Because of its legality, abortion is given a veneer of legitimacy in our society. However, abortion, legal or illegal, involves the selective termination and elimination of the most innocent and vulnerable members of society.
Our humanity, that very core of what makes us human and differentiates us from any other species on earth, demands that this equality be recognized. Just as any other time in human history when we have failed to recognize basic violations of human rights, like slavery, genocide, or other inhumane acts, we then become less human.
Again, history confirms that our nation and society’s greatest injustices have occurred when we have failed to affirm and recognize human dignity and the principle of equality.
While many share my position, I am aware that some may have different positions on this issue. Thank you for taking the time to read Part 1 in this series and for allowing me to share my reflections with you. Addia
Further reading: Wondering about the concept of ”human dignity? What exactly is the linguistic origin of dignity? … Etymologically, the word stems from the Latin dignitāt-em for “merit” and “worth”. Man’s inviolable worth! We could look from a faith perspective -Created in the image of God. But the world has long confirmed the understanding of human dignity even when violating the rights and dignity of others treating them as less than human. Slavery is degrading because it treats human beings as property and not as individuals with worth and dignity. Slavery affirmed there that a hierocracy of rights and human dignity exists, as slaves become objects that can be used and disposed of without regard for their humanity. The years after the Holocaust and World War II bearing testimony to witnessed such grave violations against humanity there rose much discussion about and reflection on the idea of human dignity. Not long after the Nuremberg trials, the drafters of the new German Constitution included in its opening article the statement that “the dignity of man is inviolable.” A year earlier, the United Nation’s Universal Declaration of Human Rights referred to the “inherent dignity” of human beings and proclaimed that “all human beings are born free and equal in dignity and rights.” In the years that followed, numerous constitutions drafted also employed the term “dignity” “and society and cultures throughout the world are founded on the values and respect for human dignity.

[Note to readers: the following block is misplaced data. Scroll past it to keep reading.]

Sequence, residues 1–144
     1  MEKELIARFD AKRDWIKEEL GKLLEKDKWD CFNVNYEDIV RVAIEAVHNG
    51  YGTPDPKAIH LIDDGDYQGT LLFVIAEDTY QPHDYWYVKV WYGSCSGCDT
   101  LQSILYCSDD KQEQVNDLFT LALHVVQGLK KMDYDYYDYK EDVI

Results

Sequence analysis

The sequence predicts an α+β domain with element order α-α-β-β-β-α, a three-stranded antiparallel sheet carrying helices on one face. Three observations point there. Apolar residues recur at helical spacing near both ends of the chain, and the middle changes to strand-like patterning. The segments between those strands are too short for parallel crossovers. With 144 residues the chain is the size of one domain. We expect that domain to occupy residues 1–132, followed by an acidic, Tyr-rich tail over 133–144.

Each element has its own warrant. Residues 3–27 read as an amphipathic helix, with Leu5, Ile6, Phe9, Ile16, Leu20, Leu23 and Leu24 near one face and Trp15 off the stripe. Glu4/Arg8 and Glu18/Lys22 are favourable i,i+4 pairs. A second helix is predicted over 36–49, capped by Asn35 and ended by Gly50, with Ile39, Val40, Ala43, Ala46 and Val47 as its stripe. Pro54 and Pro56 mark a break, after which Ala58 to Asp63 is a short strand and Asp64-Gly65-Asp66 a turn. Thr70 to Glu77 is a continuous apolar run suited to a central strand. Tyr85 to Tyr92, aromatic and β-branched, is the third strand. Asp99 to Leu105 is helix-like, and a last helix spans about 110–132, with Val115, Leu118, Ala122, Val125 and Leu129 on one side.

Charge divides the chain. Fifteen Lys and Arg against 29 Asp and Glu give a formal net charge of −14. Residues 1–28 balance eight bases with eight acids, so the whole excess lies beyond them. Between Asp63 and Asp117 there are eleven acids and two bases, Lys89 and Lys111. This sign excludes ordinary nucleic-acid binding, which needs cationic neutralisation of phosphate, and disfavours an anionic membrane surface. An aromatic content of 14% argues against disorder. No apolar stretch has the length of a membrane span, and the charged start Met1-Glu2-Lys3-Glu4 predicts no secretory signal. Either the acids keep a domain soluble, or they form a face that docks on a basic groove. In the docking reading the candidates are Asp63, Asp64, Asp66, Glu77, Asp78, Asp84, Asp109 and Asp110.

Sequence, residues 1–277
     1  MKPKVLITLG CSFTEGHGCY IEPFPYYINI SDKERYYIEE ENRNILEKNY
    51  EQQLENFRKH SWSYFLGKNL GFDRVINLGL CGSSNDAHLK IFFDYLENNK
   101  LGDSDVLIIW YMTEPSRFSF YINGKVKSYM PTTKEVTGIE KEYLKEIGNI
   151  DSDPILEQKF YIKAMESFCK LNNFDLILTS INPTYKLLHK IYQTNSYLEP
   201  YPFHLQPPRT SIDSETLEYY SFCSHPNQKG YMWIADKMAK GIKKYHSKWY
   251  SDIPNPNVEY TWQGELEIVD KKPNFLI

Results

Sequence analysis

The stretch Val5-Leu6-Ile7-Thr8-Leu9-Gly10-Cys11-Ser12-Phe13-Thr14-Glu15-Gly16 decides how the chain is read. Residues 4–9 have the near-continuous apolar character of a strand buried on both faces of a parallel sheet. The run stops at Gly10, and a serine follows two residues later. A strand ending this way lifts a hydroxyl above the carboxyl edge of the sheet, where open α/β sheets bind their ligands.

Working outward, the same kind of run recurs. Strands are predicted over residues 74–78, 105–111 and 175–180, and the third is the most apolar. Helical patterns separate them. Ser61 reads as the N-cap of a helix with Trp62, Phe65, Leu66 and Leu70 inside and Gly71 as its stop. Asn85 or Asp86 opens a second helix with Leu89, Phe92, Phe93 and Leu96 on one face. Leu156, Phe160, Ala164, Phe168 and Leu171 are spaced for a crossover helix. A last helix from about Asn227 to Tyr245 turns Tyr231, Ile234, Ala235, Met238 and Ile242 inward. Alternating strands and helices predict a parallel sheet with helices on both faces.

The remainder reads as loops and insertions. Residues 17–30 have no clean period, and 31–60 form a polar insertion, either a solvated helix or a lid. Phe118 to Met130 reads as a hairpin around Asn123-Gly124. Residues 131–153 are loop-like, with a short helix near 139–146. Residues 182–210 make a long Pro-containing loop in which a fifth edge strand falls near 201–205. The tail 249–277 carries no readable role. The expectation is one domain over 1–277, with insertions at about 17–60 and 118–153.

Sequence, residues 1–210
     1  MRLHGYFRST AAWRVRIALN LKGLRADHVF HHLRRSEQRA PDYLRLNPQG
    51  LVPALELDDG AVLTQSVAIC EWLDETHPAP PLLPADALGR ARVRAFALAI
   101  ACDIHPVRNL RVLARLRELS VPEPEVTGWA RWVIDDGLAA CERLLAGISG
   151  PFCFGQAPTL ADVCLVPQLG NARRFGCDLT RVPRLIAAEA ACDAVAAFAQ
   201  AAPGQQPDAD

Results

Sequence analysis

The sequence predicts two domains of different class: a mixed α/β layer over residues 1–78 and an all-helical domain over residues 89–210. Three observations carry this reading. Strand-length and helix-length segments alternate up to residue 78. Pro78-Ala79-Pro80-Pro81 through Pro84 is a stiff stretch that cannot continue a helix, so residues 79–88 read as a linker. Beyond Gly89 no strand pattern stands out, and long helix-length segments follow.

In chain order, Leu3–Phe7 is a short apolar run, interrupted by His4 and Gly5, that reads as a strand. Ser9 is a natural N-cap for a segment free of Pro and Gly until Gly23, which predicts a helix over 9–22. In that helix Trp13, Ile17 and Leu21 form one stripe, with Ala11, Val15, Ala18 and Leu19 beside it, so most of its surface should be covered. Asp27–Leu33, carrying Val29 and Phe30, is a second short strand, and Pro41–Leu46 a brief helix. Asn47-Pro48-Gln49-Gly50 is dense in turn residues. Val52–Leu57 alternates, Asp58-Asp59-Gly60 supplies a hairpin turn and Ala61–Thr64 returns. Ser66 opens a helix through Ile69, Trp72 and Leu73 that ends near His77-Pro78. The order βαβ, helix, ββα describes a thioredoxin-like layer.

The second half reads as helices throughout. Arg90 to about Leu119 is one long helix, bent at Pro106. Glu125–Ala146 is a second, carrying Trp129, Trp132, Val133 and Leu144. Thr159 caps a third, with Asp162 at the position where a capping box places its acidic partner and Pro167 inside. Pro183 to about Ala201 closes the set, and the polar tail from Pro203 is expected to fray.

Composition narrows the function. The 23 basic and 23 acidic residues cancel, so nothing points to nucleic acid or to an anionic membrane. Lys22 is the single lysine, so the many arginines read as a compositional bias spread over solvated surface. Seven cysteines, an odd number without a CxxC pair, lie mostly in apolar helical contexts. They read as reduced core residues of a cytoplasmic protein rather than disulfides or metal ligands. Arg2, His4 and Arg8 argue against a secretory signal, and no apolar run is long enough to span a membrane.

Today is the 40th Anniversary of the Hyde Amendment. The Ammendment, named for the late Rep. Henry Hyde (R-Ill.), prohibits the use of government monies to pay for abortion procedures for Medicaid recipients and has been continued and added to federal appropriations bills since 1976. The Charlotte Lozier Institute, the research arm of the pro-life Susan B. Anthony List, estimates the amendment has “saved over two million unborn children” from abortion.
Hope everyone had an enjoyable weekend! Today at your Capitol… 10:00 AM The 5 Budget Review Sub Committees will be meeting this morning. I serve on the Budget Sub Com. on Human Services. Today’s Agenda: I. Benefind -Presenter: Angie Maddox, Update on Medicaid. II. Section 1115 Waiver Application, Presenters: Stephen Miller, Commissioner, Department of Medicaid, Cabinet for Health and Family Services, and Adam Meier, Deputy Chief of Staff for Policy, Office of the Governor
1:00 PM Interim Joint Appropriations & Revenue Committee Agenda. I. Testimony regarding actions taken by AT&T since the 2015 deregulation bill was enacted by the General Assembly II. Discussion on the affordable housing tax credit bill introduced during the 2016 Regular Session, III. Other Business; A. List of Committee Correspondence and items referred to the Committee, Correspondence from John Scott, Deputy Director, Office of Budget Review: B. Interim Emergency Appropriation Increases for FY 2016 and FY 2017, C. Interim Allotment Adjustments for FY 2016 and FY 2017 Tune in on KET or follow our updates on today’s discussions on Twitter and FB
Tune in to KET Monday, September 12th at 8pm
Sen. Adams and I will discuss KY Medicaid, Waivers and Traditional versus Expanded with host Renee Shaw on Kentucky Tonight along with Sen. Reginald Thomas, D-Lex. and Rep. Mary Lou Marzian, D-Lou.
Congratulations to Dr Nancy Swikert (Boone Co) upon being elected and installed this evening as President of the Kentucky Medical Association! So very proud of you!
As a member of the Kentucky House of Representatives, a R.N., and a retired health care administrator, I wanted to carefully review the Kentucky HEALTH proposal, the Medicaid waiver, and fully understand the elements of the plan: the cost analysis, projection, and health benefits before commenting.
In a state of just 4.3 million citizens, we should all find it alarming that in the last decade, those enrolled in Kentucky’s Medicaid program has more than doubled from 600,000 Medicaid enrollees to just under 1.4 million Kentucky citizens!
We have some huge challenges before us.